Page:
CyDmaTdFree(ADC_DMA_TD[0]);

Prior to disabling/re-enabling the DMA channel looks to have done the trick.

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Contributor II

I am running across a problem still:

I run stable until 1000+ DMA transfers, then suddenly my DMA DONE interrupt no longer fires.

The running time at which the isr stops firing varies.  I've seen go out after 1097 transfers, 1758, and 2419.  1758 seems to be the most common, so there's got to be some logic to it that can't find yet.  I've attached a scope shot of the order of operations when DMA finishes, which should be every 48 pulses of the PWM.  Everything seems to be in the correct order:

EOC ISR increments the mux channel for the next conversion.

DMA DONE ISR increments my DMA transfer count, sets the DMA_Done flag, frees the TD, and disables the DMA Channel.

PWM ISR calls DMA_Init if DMA_Done has been set.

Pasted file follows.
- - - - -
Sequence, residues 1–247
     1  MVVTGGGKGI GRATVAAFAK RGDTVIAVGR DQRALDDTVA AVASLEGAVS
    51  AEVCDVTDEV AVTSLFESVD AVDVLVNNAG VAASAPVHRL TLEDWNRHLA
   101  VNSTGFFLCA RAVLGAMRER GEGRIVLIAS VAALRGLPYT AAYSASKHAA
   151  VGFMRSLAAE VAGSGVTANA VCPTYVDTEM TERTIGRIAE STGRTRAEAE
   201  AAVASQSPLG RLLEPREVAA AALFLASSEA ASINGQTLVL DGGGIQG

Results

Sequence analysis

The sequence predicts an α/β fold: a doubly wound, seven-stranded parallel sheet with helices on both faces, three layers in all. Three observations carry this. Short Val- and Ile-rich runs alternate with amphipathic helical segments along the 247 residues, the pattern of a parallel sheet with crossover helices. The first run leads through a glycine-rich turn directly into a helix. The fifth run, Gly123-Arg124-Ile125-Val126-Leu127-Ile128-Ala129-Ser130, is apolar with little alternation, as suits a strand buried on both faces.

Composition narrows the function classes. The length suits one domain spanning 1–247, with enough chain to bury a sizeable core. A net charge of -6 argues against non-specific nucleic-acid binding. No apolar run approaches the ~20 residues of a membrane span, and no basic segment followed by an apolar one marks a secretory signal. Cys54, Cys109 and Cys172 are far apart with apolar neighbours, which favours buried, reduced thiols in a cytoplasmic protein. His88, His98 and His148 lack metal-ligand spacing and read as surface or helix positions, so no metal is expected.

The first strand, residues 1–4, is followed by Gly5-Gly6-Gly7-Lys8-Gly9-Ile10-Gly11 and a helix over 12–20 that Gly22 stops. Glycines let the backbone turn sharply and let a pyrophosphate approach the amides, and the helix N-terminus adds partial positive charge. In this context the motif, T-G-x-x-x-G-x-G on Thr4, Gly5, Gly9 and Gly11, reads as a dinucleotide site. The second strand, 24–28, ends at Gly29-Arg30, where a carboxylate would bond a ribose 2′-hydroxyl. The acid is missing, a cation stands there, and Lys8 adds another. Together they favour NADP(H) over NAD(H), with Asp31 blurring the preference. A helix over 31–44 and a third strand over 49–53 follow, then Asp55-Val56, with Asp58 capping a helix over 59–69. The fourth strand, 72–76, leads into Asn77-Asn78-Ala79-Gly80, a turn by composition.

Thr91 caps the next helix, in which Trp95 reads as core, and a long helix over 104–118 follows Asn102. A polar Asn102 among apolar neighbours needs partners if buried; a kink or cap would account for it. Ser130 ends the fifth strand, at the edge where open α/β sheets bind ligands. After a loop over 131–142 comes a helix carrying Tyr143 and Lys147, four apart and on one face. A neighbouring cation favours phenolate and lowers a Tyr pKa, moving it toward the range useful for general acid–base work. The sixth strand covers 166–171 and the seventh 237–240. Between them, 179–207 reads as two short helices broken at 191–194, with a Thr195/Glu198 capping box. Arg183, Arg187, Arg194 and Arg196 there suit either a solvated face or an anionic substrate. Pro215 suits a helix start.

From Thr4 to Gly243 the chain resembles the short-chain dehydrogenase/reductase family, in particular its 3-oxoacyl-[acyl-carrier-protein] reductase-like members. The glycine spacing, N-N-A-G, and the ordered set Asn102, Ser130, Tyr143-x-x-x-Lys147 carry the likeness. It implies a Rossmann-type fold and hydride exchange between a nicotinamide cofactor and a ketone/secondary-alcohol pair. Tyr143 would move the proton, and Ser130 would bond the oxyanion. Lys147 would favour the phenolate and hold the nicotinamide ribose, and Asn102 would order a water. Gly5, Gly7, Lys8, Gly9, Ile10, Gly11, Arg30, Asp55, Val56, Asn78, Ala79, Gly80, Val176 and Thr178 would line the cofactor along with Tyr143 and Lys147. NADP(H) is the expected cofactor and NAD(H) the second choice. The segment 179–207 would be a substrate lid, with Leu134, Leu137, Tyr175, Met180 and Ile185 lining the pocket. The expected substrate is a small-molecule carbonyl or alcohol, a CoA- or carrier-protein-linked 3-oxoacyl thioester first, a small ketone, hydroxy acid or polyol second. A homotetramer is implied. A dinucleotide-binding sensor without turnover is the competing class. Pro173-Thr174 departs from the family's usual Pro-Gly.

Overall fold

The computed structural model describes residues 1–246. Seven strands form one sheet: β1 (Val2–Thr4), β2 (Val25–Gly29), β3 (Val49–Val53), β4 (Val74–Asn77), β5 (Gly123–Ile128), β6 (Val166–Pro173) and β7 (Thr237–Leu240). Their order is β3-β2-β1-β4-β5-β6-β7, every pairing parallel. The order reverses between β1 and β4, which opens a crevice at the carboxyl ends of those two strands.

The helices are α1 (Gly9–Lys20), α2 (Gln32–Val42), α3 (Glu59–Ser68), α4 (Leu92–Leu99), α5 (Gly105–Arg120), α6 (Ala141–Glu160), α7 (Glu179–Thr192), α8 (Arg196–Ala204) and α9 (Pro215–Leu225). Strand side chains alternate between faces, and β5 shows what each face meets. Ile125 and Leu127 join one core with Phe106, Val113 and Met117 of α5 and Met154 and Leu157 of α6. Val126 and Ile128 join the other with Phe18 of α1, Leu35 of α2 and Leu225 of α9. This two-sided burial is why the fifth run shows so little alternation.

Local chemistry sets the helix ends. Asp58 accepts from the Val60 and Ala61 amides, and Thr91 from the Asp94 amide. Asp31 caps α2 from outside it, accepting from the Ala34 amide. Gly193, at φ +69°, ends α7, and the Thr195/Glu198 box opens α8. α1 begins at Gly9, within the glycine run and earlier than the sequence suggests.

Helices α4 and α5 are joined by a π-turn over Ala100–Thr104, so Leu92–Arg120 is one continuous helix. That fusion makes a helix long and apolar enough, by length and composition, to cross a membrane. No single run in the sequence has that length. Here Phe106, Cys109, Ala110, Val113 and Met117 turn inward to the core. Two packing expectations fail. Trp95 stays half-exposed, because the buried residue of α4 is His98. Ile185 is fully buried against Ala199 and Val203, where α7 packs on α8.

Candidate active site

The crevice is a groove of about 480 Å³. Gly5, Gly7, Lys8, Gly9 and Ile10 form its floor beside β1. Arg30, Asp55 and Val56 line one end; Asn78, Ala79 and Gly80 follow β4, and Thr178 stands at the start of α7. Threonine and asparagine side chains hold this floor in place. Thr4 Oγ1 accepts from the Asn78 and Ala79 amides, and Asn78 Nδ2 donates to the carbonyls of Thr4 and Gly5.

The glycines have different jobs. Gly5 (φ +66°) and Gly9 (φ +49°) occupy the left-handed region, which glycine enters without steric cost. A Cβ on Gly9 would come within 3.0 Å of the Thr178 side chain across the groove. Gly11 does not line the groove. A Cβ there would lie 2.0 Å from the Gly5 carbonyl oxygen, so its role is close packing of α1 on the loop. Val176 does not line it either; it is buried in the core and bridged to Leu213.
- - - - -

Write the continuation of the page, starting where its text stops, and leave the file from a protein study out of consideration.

pastedImage_0.jpg

Apologies for the photo of the scope rather than direct capture. Only way to save captures on this scope is via floppy drive!

What could be killing my DMA Done ISR?  The EOC and PWM TC ISRs continue to fire.

I've attached the latest version of this project.

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Contributor II

Bumping this up.  100 views but nobody has any ideas

I've still got no idea why this is not working reliably.  The ISR just seems to stop firing.

Changing the frequency of the PWM controlling the ADC conversions maybe makes a difference?

1 DMA = 32 bytes transferred and DMA Done ISR fires

Period = 20000 -> (~3100 DMAs before failure)

Period = 10000 -> (~3100 DMAs before failure)

Period = 5000 -> (1433 DMAs before failure)

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Contributor II

3 weeks, no ideas?